Again, this system is intended to be as intuitive as possible for the new learner who has no prior knowledge of memory systems. No number-letter conversion systems need to be learned in advance, most of the people/characters will already be recognizable (all are famous), and there should be logical reasoning for every number association.
All of these people/characters lived in the 20th century, which means there is usually video footage of them, but I relaxed this latter requirement to include such icons as Houdini and the Wright Brothers.
So if you think there’s a more logical person assignment to a number, or a better action or object, I’ll appreciate your feedback! Thanks
I’m starting over. Over a year ago I created a 00-99 PAO memory system mostly based on the Dominic number-letter conversion. It’s been a good system, but now I want to make a better one.
The goal I have in mind is a PAO memory system for numbers (which could also double as a system for playing cards) that is a complete, ready-to-use package for new learners.
I see great potential in teachers using such a system in the classroom to help students remember important dates and numbers. But whether it’s students in a classroom or a new memory hobbyist, time is precious, and I believe a new learner’s time could be much better spent in skipping the system-build phase and jumping directly to memorizing and using the system itself.
So I’m saying enough with the Major System versus Dominic system arguments, let’s make a system that doesn’t use either–which yes has been done by others–but in this case will only be composed of famous, iconic, or otherwise outstanding characters who lived in the 20th century. Thus the new user will either already have some mental association to that character, or will benefit by learning about such an iconic character.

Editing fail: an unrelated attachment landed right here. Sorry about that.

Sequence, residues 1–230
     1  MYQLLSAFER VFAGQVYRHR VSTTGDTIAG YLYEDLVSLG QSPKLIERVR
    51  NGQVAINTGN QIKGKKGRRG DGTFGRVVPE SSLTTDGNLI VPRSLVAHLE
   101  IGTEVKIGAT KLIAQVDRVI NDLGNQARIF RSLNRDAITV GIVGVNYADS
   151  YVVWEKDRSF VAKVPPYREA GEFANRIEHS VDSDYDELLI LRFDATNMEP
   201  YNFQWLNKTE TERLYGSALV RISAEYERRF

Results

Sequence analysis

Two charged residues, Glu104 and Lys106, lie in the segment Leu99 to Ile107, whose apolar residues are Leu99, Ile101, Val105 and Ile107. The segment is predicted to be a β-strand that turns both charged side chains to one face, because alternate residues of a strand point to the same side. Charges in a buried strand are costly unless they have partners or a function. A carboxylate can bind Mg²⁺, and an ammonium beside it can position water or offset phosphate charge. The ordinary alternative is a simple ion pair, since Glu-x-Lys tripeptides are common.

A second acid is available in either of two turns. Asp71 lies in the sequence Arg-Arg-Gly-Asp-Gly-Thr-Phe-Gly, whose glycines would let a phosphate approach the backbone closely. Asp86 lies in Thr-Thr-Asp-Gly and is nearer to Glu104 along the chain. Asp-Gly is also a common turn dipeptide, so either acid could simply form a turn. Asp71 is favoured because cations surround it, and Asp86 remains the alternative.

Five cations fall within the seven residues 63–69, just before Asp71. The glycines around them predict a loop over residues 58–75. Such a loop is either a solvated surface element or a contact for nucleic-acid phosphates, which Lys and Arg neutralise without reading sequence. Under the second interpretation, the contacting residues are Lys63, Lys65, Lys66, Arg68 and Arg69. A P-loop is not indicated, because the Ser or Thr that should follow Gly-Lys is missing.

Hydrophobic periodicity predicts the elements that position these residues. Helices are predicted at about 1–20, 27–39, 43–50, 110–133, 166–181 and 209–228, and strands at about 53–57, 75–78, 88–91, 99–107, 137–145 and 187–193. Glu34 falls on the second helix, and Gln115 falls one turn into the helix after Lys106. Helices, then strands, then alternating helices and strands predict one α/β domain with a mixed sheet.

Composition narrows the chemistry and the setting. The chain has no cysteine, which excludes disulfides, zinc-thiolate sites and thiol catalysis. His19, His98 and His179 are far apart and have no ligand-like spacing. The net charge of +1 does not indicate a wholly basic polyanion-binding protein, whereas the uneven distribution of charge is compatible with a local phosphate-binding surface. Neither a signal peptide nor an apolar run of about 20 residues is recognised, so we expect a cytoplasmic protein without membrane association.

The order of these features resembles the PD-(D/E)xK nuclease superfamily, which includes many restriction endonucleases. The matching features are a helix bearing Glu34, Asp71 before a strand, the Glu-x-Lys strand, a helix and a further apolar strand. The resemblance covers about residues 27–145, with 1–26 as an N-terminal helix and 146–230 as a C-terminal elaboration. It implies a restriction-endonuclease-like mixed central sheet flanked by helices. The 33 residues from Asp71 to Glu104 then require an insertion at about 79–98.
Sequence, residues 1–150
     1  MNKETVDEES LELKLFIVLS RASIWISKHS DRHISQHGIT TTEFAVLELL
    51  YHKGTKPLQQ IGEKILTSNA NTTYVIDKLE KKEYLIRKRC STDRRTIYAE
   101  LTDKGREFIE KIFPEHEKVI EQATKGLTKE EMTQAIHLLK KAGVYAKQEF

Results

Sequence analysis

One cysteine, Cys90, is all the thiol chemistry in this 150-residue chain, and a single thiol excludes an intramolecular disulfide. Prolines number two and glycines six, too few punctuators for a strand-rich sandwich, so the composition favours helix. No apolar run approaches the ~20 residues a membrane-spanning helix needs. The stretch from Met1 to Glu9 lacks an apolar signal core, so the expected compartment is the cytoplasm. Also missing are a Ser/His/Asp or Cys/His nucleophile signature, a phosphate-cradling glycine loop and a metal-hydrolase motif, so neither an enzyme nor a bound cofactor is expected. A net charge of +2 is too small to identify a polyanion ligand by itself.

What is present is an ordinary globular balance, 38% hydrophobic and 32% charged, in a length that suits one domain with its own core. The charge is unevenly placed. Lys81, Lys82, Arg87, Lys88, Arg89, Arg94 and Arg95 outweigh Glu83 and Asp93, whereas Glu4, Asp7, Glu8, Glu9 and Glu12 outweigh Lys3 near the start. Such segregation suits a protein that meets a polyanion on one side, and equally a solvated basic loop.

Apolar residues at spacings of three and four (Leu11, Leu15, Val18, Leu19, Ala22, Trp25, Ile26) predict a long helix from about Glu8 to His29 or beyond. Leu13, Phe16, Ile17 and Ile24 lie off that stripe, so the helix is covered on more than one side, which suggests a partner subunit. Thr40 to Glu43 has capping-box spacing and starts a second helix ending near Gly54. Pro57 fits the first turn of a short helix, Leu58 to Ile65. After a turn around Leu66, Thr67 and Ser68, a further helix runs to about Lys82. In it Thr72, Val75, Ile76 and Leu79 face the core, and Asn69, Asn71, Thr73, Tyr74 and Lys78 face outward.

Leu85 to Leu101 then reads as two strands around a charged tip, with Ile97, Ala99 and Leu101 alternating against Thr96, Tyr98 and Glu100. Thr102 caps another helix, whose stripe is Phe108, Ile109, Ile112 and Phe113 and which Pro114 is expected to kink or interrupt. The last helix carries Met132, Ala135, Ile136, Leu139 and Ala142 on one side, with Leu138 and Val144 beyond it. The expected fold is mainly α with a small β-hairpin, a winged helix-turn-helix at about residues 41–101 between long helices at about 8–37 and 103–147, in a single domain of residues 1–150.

Characters can be assigned to numbers based on a number that they or their action/object are associated with (e.g. Michael Jordan Jersey #23, George Orwell’s book “1984”) or important days and years (e.g. Martin Luther King’s birthday January 15, Franklin D. Roosevelt 32nd President elected in 1932).
To make the system appropriate for all ages, I’m omitting any characters that are highly controversial/polarizing (e.g. Adolf Hitler) and any content that would be rated ‘mature’.
Now, why only go as far back as the 20th century? Video. When there’s video footage of a character, you can see their mannerisms and you can hear their voice. George Washington and Alexander the Great are very famous, but no one knows for sure how they rode their horse or gave a speech. I was surprised to find real video footage of people like Thomas Edison and Henry Ford. […]
I’ve tried to include a wide variety of characters who were iconic or ‘best’ in their field, and more female characters when there was opportunity to do so, though the gender gap is still going to be considerable.
Finally, I put “U.S. Edition” in the thread title because I am creating this system from the perspective of someone born and raised in the United States. So for our friends in other countries, this list may not be so “ready-to-use”, but maybe parts of it will still be useful. […]